Airstrikes Haven't Stopped ISIS From Moving On a Key Syrian City

The efficacy of the American-led airstrikes is coming under scrutiny as Islamic State fighters raise their flag over parts of Kobani.

The three-week-long Islamic State siege of the Syrian town of Kobani is rapidly intensifying. On Monday, fighters were said to have raised the black ISIS flag over at least one building in the eastern part of the city as vicious street-to-street battles unfolded. Reporting from southern Turkey, journalist Harald Doornbas noted that a second flag had gone up just southeast of the city.

The good news is the Syrian Kurds have (so far) kept ISIS from breaching the center of the city. The bad news is everything else. Kobani, also known as Ayn al-Arab, is just six miles from the Turkish border, over which more than 100,000 civilians fled when the Islamic State attack began in late September.

The advance of the Islamic State fighters into a strategically important Syrian city is a development that U.S.-led airstrikes were supposed to preclude. But as many are suggesting, the coalition efforts to stem the Islamic State onslaught have been ineffective. This is, at least in part, because ISIS has changed its tactics.

"In Syria and Iraq, they took down many of their trademark black flags, and camouflaged armed pickup trucks," The Wall Street Journal wrote of ISIS. "They also took cover among civilians." The group is also said to have decentralized some of its command structure, adjusted its movements to nighttime, and eschewed the frequent use of cellphone and radio communications.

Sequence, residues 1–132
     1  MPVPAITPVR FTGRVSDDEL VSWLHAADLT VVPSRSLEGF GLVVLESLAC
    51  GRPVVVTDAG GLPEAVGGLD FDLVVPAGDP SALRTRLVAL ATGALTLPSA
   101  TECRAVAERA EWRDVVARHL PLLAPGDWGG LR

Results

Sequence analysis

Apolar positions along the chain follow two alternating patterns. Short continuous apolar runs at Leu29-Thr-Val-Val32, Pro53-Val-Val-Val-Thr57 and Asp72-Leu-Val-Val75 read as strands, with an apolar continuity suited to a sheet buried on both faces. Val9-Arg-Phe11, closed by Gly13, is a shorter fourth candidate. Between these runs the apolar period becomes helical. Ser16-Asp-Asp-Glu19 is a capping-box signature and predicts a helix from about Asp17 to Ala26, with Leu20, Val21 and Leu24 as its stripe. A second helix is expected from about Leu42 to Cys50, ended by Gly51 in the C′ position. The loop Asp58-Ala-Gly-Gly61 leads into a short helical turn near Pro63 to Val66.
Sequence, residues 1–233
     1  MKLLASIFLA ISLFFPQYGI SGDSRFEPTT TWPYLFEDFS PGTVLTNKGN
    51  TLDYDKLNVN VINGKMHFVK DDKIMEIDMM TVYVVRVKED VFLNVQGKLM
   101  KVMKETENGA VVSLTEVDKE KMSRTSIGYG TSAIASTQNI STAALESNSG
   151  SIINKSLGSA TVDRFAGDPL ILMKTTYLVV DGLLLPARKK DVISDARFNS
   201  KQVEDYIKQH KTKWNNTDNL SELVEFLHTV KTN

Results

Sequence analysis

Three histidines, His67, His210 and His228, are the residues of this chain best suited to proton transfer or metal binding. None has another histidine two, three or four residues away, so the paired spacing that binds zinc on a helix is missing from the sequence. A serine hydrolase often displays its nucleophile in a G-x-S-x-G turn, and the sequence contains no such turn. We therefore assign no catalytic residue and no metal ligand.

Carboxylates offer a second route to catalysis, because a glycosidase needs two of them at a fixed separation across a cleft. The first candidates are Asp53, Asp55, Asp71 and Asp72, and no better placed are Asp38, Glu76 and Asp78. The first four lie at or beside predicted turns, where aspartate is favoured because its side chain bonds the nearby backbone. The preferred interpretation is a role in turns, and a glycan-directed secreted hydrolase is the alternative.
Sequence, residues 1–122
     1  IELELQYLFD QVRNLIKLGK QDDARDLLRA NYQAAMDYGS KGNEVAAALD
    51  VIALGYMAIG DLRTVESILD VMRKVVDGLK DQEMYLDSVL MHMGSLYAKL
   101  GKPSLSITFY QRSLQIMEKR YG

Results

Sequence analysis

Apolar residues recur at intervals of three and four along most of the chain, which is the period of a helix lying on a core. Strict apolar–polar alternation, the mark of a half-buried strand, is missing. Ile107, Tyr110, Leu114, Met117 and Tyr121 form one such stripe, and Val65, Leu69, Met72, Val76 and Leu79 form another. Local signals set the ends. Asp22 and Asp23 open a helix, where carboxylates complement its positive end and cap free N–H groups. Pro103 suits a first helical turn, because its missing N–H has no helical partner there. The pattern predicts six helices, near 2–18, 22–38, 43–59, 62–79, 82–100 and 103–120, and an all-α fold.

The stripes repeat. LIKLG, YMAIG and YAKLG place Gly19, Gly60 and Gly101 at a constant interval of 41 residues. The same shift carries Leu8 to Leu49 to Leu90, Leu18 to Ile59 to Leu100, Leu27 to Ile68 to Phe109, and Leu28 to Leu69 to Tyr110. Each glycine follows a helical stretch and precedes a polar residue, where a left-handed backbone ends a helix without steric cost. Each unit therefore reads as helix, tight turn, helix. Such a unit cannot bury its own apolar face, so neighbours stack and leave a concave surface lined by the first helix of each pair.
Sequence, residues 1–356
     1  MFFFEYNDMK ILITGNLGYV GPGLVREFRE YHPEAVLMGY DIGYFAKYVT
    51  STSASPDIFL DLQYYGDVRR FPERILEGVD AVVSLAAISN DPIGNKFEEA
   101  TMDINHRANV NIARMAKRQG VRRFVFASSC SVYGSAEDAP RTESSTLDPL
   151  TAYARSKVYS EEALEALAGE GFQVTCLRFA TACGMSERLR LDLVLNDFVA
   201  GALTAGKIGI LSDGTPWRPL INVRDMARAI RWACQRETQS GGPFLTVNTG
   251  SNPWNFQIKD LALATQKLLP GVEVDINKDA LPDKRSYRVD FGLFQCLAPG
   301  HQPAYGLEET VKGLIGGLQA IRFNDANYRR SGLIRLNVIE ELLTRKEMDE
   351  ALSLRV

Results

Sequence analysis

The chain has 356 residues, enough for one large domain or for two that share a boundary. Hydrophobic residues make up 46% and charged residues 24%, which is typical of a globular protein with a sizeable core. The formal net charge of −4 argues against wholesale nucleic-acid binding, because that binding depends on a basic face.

In some ways, ISIS has come to resemble the group from which it splintered, al-Qaeda, which worked more covertly. The Journal adds that the group is said to have "also eased up on enforcement of their strict interpretation of Islamic law."

"We expected that they would adapt and change their behavior and tactics once airstrikes begun," Rear Admiral John Kirby told reporters at the Pentagon on Friday, hardly concealing his frustration with the collective mood of impatience.

While Kirby touted successes that included the targeting of oil refineries and other ISIS financial and communication operations, his comments come against the backdrop of a growing skepticism about the campaign. Late last month, the Syrian Observatory for Human Rights drew attention to accounts of civilian casualties caused by the airstrikes. This report dovetailed with word of a popular backlash against the American efforts in Syria, where they are perceived as not only aiding Syrian dictator Bashar Assad, but also harming support for the moderate rebel groups fighting there.

In the meantime, not only are Islamic State forces still holding territory, they continue to advance.